If you need to go more formal, use the formal “you” or “you all” conjugation (¿me entiende? or ¿me entienden?).
One example of when you can use these muletillas is when giving directions:
Primero, sigues por esta calle, ¿vale?, y en la esquina giras a la derecha. Mira, allí hay un cartel que dice que no puedes entrar, pero sí que puedes entrar en esa calle, ¿me entiendes? De allí…
(First, you follow this road, okay?, and at the corner you turn right. Look, there’s a sign there that says you can’t go in but, yes, you can go into that street, you understand me? From there…)
If you have more to say, don’t wait too long for them to answer as someone may think you’ve finished and take the opportunity to jump in and start speaking themselves.
16. Vale, vale, vale
Repetition is used a lot by many Spanish speakers. No more is this evident than when you’re using vale (okay) to mean “okay, I totally understand what you’re saying.”
You’ve got to be a little careful with this one. You don’t want to space out or put too much stress on your repetitions of the word vale, otherwise you can sound like the speaker is boring you (imagine a child saying “okay okay okay” to their nagging mother).
Just lightly repeat the word in a quick stream while nodding your head.
For example, you could use this when listening to someone who is giving you directions to a place:
Vale… vale, vale, vale, vale… sí… sí, te entiendo.
(Okay… yep, yep, yep, yep… right… yes, I understand you.)
This muletilla just means “the thing is (that).” This handy phrase can be used in almost any situation, mostly because it doesn’t really mean much.
You can take a moment to think after saying la cosa es… because it’s clear you’re going to continue. You can also repeat it to attract attention in a group conversation.
For example, you could use this muletilla when attracting attention in a heated discussion:
La cosa es… La cosa es… que la gente que tiene el poder no quiere cambiar la situación.
(The thing is… the thing is… that the people who have the power don’t want to change the situation.)
These are great ones to use when you’ve totally messed up what you were saying in Spanish and you want to start the whole point again.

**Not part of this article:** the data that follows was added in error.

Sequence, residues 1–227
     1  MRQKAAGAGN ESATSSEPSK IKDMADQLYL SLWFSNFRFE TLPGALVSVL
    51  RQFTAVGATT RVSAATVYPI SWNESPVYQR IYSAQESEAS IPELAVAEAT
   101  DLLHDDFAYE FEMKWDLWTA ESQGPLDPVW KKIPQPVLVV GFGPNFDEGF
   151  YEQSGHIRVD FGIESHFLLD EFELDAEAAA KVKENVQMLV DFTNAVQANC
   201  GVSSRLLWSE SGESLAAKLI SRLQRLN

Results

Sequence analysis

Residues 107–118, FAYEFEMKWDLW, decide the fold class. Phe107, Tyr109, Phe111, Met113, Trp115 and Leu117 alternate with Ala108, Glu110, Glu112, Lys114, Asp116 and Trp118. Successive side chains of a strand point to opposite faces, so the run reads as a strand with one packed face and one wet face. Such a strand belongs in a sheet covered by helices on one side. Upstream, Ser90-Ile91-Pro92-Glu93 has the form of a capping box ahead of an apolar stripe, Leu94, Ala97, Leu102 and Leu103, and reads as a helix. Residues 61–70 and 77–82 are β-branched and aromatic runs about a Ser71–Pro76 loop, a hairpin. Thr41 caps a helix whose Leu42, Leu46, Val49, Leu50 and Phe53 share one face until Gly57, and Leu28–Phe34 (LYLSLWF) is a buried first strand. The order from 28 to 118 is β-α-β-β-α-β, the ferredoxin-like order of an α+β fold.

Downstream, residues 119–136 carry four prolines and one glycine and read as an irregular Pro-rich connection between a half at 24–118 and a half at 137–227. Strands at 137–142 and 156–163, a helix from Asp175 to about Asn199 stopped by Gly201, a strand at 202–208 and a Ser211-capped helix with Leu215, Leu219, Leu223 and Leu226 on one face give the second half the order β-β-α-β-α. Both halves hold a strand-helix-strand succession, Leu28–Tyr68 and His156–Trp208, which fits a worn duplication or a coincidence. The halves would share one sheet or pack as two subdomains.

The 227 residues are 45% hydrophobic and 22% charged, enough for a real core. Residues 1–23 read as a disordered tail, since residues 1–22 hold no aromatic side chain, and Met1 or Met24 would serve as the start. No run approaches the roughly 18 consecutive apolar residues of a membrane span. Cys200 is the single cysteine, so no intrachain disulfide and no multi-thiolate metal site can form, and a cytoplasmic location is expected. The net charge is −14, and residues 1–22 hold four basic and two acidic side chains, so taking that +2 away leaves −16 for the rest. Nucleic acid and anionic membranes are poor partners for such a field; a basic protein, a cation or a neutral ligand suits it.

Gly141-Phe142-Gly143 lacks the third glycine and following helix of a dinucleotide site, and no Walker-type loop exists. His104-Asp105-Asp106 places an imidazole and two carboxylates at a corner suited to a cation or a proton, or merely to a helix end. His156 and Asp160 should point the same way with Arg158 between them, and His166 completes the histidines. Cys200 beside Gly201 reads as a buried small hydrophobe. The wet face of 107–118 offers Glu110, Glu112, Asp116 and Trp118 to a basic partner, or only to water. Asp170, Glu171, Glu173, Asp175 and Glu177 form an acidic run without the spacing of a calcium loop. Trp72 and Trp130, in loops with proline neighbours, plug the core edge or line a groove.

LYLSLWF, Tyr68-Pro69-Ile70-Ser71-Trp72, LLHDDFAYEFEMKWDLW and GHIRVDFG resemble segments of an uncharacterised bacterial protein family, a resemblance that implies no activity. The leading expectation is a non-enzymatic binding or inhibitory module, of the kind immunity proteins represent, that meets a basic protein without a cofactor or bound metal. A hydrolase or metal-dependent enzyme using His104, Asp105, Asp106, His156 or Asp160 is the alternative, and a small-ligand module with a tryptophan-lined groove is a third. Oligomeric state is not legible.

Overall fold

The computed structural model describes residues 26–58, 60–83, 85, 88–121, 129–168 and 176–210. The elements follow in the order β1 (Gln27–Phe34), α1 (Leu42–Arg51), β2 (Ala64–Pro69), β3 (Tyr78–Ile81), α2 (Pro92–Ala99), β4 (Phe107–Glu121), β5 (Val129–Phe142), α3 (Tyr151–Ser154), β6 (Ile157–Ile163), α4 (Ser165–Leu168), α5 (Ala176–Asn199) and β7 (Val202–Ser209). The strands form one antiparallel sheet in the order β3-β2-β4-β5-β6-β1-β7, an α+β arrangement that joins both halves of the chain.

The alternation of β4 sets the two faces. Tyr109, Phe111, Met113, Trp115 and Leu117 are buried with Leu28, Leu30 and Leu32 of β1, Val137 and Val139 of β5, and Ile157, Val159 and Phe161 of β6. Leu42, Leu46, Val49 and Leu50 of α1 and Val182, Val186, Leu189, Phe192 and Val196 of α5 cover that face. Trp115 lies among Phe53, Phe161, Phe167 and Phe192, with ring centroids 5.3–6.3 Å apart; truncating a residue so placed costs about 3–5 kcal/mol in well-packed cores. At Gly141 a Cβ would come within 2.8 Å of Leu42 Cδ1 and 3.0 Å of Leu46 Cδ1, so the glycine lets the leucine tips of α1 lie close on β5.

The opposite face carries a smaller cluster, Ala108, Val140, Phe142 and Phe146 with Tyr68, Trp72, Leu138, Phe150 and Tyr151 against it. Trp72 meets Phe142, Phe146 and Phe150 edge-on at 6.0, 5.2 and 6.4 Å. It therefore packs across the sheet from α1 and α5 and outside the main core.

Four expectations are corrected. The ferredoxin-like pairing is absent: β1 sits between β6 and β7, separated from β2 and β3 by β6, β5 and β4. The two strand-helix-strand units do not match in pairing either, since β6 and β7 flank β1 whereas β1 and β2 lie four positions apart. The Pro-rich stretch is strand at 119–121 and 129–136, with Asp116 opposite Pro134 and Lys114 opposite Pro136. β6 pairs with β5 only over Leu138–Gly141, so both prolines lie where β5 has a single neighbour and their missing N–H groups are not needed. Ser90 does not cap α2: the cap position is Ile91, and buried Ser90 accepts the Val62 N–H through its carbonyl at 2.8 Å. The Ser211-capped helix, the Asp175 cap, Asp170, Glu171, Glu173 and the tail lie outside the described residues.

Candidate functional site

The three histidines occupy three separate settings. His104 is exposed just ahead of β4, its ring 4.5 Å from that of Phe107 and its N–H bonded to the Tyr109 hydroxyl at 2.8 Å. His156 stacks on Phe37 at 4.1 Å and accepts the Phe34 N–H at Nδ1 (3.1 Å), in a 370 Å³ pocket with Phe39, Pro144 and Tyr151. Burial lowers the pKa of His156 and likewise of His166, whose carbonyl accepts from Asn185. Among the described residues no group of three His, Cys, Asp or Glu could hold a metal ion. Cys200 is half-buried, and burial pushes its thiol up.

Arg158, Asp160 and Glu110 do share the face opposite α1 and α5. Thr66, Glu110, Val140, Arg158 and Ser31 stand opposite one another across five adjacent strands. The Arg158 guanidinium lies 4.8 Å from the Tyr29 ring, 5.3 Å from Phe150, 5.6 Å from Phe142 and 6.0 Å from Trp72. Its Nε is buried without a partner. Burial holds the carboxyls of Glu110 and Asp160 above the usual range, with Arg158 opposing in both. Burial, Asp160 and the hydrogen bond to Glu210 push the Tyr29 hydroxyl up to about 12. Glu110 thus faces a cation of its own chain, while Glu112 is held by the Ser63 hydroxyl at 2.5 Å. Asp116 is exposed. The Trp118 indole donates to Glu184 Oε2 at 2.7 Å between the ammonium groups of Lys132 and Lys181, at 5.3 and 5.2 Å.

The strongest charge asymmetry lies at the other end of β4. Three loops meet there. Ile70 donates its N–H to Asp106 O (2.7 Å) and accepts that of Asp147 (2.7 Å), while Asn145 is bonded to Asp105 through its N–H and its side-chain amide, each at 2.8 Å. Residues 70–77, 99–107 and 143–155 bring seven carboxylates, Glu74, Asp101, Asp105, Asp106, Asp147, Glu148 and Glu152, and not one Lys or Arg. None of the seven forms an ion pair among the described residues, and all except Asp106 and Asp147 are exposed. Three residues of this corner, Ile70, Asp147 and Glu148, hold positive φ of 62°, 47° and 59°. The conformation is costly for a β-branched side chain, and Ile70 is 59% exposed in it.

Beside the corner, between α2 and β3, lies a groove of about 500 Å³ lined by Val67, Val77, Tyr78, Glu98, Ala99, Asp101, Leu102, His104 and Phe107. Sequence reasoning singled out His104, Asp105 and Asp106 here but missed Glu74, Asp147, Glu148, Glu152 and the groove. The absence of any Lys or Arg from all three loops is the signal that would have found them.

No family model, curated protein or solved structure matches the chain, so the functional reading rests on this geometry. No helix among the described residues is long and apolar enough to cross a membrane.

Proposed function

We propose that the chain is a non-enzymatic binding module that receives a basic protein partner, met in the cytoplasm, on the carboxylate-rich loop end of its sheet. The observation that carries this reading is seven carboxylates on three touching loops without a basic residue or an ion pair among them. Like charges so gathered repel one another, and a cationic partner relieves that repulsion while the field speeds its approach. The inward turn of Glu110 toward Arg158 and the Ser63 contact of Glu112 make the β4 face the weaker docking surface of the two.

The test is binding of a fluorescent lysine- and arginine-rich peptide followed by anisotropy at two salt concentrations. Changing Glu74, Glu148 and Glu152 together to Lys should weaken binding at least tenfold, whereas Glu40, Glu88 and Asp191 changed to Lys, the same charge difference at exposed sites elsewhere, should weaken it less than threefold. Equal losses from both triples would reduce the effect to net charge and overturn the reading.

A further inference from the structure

Quiero decir (que) means “I want to say (that)” and es decir is a bit like “which is to say.”
For example, quiero decir and es decir are often used when you want to correct yourself after an unsuccessful explanation:
No me estás entendiendo, ¿verdad? Quiero decir que el hombre, es decir, el fontanero, no pudo hacer el trabajo porque…
(You’re not understanding me, right? I want to say that the man, which is to say, the plumber, couldn’t do the job because…)
Another great muletilla to use when you’ve messed up is a lo que me refiero es. This means “what I mean is” or more literally “what I’m referring to is.”
Like the previous example, this muletilla can be also used when you want correct yourself or clarify what you’re trying to say:
Mira. A lo que me refiero es que la gente de aquí no entiende lo que dice la gente de allí. ¿Me entiendes?
(Look. What I mean is that the people from here don’t understand what the people from there are talking about. You understand me?)
How to Learn Spanish Filler Words
Listening to Spanish speakers having conversations is the best way to pick up on filler words. If you’re lucky enough to be learning Spanish by immersion and language exchanges, this should not be hard—simply go talk to people!
Movies and TV shows are also good resources where you’ll be able to pick up filler words by listening to native Spanish conversations. Although the best kind are unscripted television, such as reality TV or talk shows.
You could even try listening to podcasts. You’re sure to come across many Spanish filler words, especially in podcasts that often invite guest speakers or have multiple hosts.
If you happen to’d like some further language studying help, you can begin by listening to filler phrases within the context of genuine, pure Spanish on FluentU. This language studying program has a library of native Spanish content material like film clips, vlogs and interviews that will help you get began, plus instruments to maintain monitor of and examine your new filler phrases.
Pay attention to the phrases you hear continuously, originally of sentences or when they’re at a loss for what to say. On FluentU, you’ll be able to click on on any phrase within the subtitles and reserve it as a flashcard. So everytime you encounter a filler phrase, click on and save for later evaluation.
You’ll be able to even make a customized flashcard deck particularly for filler phrases on FluentU. Then, you’ll be able to evaluation them with customized quizzes and use the contextual video dictionary to seek out different movies the place the phrase is used for added context.
It by no means hurts to straight ask what the which means of a phrase is, however if you happen to don’t wish to interrupt the dialog, it’s also possible to jot the phrase or phrase down and look it up later on WordReference.com. WordReference’s boards are an important place to get native audio system’ enter on the meanings of colloquial expressions.
En fin… This text is an introduction to filler phrases, which might help deliver your Spanish comprehension and dialog to the subsequent stage.
These muletillas will assist you to sound extra like a local speaker very quickly—it simply takes a little bit observe, ¿sabes? Pues, eso… examine your Spanish muletillas and also you’ll thank your self sooner or later!